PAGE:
well I'm still complaining about how they crippled Geocities. They crippled the access to try to bleed money out of the community, then after they destroyed the community they stopped caring, and made their ads more intrusive. If they opened it up again it could still be a useful service, but it has been bypassed by the blogging generation.

Re:Go Yahoo (0)

Anonymous Coward | more than 6 years ago | (#21723806)

Keep up the good work Yahoo

Just don't be too hasty in giving up Chinese journalists' identities...

Truly do no evil? (2, Insightful)

Veroxii (51114) | more than 6 years ago | (#21722194)

Is it just me, or is Yahoo really what Google purports to be these days?

Mmmmmm....

Re:Truly do no evil? (1, Interesting)

Anonymous Coward | more than 6 years ago | (#21722302)

Yahoo donates money to a foundation that Google has already donated tons of money to somehow makes Yahoo what Google purports to be? Yahoo's open source contributions are a tiny fraction of Google's. With the exception of Domain Keys, Yahoo hasn't really made much of an effort to contribute any meaningful tech back to the community over the last several years.

Re:Truly do no evil? (0, Flamebait)

peektwice (726616) | more than 6 years ago | (#21722344)

Right, and Yahoo has never turned any Chinese [cnn.com] dissidents over to the Chinese government either...

Google is also an Apache Sponsor (4, Informative)

jaaron (551839) | more than 6 years ago | (#21722422)

Google is also an Apache platinum sponsor. [apache.org] We're happy to have both of them involved!

Re:Truly do no evil? (Google -- Summer of Code) (1)

otisg (92803) | more than 6 years ago | (#21722664)

Google sponsored several Summer of Code .... summers and good things came out of it. Some of the SoC projects actually ended as Lucene contributions, too.

Hah! That's NOTHING! (-1, Offtopic)

Anonymous Coward | more than 6 years ago | (#21722220)

Today my application got accepted to become a 4chan GOLD ACCOUNT [4chan.org] holder. I'd like to see yahoo try to get one of THOSE!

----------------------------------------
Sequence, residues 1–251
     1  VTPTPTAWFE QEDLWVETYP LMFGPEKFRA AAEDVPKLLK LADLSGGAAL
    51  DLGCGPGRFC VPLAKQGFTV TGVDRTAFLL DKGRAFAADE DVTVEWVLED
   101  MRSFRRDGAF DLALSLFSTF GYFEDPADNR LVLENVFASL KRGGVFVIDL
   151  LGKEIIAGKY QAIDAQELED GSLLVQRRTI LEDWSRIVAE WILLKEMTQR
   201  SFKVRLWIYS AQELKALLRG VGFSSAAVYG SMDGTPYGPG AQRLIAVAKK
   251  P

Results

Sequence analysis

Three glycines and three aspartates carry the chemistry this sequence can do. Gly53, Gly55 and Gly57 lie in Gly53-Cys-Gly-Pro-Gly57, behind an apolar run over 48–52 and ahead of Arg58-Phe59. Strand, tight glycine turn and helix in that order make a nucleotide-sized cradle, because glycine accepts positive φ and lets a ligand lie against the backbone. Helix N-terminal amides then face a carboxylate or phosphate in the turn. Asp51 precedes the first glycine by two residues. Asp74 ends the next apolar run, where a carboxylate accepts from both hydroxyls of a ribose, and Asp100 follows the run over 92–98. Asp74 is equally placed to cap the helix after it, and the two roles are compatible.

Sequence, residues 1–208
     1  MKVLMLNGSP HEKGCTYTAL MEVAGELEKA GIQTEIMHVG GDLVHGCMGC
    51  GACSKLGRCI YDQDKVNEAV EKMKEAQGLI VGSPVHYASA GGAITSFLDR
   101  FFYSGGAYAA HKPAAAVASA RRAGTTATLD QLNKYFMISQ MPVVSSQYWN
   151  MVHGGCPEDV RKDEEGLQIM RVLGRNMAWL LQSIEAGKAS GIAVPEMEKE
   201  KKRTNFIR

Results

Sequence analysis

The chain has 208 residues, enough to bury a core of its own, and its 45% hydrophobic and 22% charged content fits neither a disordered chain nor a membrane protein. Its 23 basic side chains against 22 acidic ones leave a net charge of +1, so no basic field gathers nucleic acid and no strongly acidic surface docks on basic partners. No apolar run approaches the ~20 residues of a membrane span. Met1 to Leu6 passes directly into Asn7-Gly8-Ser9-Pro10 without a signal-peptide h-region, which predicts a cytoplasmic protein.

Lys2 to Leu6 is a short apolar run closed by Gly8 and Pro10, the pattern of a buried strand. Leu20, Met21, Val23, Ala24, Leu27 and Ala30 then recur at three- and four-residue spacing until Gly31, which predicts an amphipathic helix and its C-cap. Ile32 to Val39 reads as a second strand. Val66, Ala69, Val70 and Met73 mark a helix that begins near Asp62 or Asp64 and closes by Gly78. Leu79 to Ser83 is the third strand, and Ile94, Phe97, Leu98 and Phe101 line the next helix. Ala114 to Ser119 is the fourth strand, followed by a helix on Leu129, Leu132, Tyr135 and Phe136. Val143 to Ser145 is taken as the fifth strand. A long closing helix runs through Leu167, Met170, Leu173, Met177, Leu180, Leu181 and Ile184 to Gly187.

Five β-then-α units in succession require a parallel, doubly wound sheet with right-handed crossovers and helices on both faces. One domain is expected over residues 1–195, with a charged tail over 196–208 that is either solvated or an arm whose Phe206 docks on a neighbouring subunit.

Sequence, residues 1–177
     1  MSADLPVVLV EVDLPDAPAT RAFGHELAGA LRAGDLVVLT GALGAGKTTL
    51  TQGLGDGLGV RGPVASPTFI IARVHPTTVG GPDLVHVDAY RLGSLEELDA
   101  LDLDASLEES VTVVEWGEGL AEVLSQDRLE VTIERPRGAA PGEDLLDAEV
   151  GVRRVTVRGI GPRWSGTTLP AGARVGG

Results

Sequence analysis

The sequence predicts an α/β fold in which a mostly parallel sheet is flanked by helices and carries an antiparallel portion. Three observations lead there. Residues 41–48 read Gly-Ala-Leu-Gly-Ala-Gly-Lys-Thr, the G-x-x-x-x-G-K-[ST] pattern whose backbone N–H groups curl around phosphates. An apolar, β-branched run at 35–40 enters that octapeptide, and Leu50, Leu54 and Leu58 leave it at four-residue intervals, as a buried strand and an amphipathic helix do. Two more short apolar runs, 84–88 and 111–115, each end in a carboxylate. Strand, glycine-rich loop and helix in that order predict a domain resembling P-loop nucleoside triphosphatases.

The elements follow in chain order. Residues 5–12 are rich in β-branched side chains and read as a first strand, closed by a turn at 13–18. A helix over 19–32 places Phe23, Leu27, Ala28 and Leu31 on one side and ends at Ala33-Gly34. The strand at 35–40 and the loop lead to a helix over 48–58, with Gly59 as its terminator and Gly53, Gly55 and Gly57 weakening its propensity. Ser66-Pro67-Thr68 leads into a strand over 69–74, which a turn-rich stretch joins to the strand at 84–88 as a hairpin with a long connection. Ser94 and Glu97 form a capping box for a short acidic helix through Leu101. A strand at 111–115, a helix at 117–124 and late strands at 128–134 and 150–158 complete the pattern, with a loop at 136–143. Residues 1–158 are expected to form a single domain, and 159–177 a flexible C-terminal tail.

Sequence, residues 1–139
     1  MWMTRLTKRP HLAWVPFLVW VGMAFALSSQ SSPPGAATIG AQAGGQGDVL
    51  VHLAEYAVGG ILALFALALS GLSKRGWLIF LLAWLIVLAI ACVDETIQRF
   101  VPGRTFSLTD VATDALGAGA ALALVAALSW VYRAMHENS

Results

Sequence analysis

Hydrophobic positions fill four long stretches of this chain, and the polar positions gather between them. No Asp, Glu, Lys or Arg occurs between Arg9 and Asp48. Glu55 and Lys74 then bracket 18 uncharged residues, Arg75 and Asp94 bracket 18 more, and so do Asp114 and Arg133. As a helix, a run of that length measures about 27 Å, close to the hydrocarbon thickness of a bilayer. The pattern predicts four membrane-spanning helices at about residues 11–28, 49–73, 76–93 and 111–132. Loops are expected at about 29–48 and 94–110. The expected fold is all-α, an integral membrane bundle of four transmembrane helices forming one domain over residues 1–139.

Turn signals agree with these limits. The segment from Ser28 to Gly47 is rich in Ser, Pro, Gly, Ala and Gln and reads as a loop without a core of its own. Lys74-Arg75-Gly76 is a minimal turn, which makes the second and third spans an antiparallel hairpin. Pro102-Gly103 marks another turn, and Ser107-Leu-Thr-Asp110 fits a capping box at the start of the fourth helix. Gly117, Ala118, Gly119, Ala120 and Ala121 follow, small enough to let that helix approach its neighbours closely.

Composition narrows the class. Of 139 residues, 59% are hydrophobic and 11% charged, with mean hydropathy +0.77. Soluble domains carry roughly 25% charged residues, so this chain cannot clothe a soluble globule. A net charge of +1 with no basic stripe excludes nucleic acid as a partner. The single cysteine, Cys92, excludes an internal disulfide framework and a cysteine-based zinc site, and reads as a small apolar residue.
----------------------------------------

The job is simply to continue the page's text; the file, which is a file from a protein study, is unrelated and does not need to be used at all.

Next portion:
In before newfags yelling "rule 1 & 2" -those only apply to /i/invasions, gaiafags!

Re:Hah! That's NOTHING! (0)

Anonymous Coward | more than 6 years ago | (#21722386)

Fail. I have a platinum account.

Re:Hah! That's NOTHING! (0)

Anonymous Coward | more than 6 years ago | (#21722458)

Fail. You have an account on 4chan.

Re:Hah! That's NOTHING! (1)

NosTROLLdamus (979044) | more than 6 years ago | (#21722598)

How many tacos did that cost you? Also, in after newfag.

Lucene and Wikipedia (2, Interesting)

Blue Trapezoid (978067) | more than 6 years ago | (#21722258)

I hope Yahoo taking an interest in Lucene involves them making heavy improvements to it. Wikipedia's search is the worst.

Re:Lucene and Wikipedia (0)

Anonymous Coward | more than 6 years ago | (#21722362)

Definitely true, I always find myself using the google option or even just
doing my search in google and adding the work wiki or using the site tag.
Its really amazing how bad Lucene is at searching.

Re:Lucene and Wikipedia (1)

otisg (92803) | more than 6 years ago | (#21722622)

Are you sure it's Lucene and not Wikipedia's use or Lucene? (I never use Wikipedia's internal search, so I really don't know)

Did you know that Amazon uses Lucene for "search inside the book", for example? Does that suck, too?

Re:Lucene and Wikipedia (1)

QMalcolm (1094433) | more than 6 years ago | (#21722370)

I find myself just using google to search inside of wikipedia.org instead of using the actual wikipedia search. It really is quite bad.

Re:Lucene and Wikipedia (3, Insightful)

Titoxd (1116095) | more than 6 years ago | (#21722410)

Wikipedia's search is crapola, and everybody and their dog knows that. However, It is not because of limitations with Lucene; it is more caused by limitations with MySQL. The MediaWiki database backend stores the text of pages in an InnoDB database, and InnoDB was used because it provides more robustness during simultaneous read and write operations (or at least that is what I understood). However, InnoDB does not allow for the creation of full-text indices, like those needed for Lucene search; MyISAM databases are required for that. So, there is an expensive replication task from the text table to the search tables in MediaWiki.

Re:Lucene and Wikipedia (1)

mastershake_phd (1050150) | more than 6 years ago | (#21722616)

What database does google use?

Re:Lucene and Wikipedia (0)

Anonymous Coward | more than 6 years ago | (#21722676)

GoogleFS

Re:Lucene and Wikipedia (2, Informative)

Anonymous Coward | more than 6 years ago | (#21722750)

You're about 20% right. INNODB doesn't support full text searching, which is why wikipedia uses Lucene.

Luecene, however, has no relationship to mySQL at all. It's a totally separate entity that stores its indeces on the *file system* in its own binary format.